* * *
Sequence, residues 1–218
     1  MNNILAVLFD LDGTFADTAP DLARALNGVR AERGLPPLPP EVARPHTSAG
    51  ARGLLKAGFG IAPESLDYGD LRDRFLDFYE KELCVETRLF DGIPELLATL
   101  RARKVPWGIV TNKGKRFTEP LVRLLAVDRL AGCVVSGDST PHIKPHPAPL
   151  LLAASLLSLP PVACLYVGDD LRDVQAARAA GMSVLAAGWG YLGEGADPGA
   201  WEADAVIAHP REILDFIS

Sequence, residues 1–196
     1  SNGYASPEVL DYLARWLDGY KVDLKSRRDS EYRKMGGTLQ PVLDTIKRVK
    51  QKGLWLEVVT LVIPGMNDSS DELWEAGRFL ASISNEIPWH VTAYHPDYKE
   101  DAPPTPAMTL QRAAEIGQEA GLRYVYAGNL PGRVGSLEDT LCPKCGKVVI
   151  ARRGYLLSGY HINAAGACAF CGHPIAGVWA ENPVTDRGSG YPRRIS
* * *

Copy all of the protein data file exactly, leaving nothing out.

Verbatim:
Sequence, residues 1–218
     1  MNNILAVLFD LDGTFADTAP DLARALNGVR AERGLPPLPP EVARPHTSAG
    51  ARGLLKAGFG IAPESLDYGD LRDRFLDFYE KELCVETRLF DGIPELLATL
   101  RARKVPWGIV TNKGKRFTEP LVRLLAVDRL AGCVVSGDST PHIKPHPAPL
   151  LLAASLLSLP PVACLYVGDD LRDVQAARAA GMSVLAAGWG YLGEGADPGA
   201  WEADAVIAHP REILDFIS

Sequence, residues 1–196
     1  SNGYASPEVL DYLARWLDGY KVDLKSRRDS EYRKMGGTLQ PVLDTIKRVK
    51  QKGLWLEVVT LVIPGMNDSS DELWEAGRFL ASISNEIPWH VTAYHPDYKE
   101  DAPPTPAMTL QRAAEIGQEA GLRYVYAGNL PGRVGSLEDT LCPKCGKVVI
   151  ARRGYLLSGY HINAAGACAF CGHPIAGVWA ENPVTDRGSG YPRRIS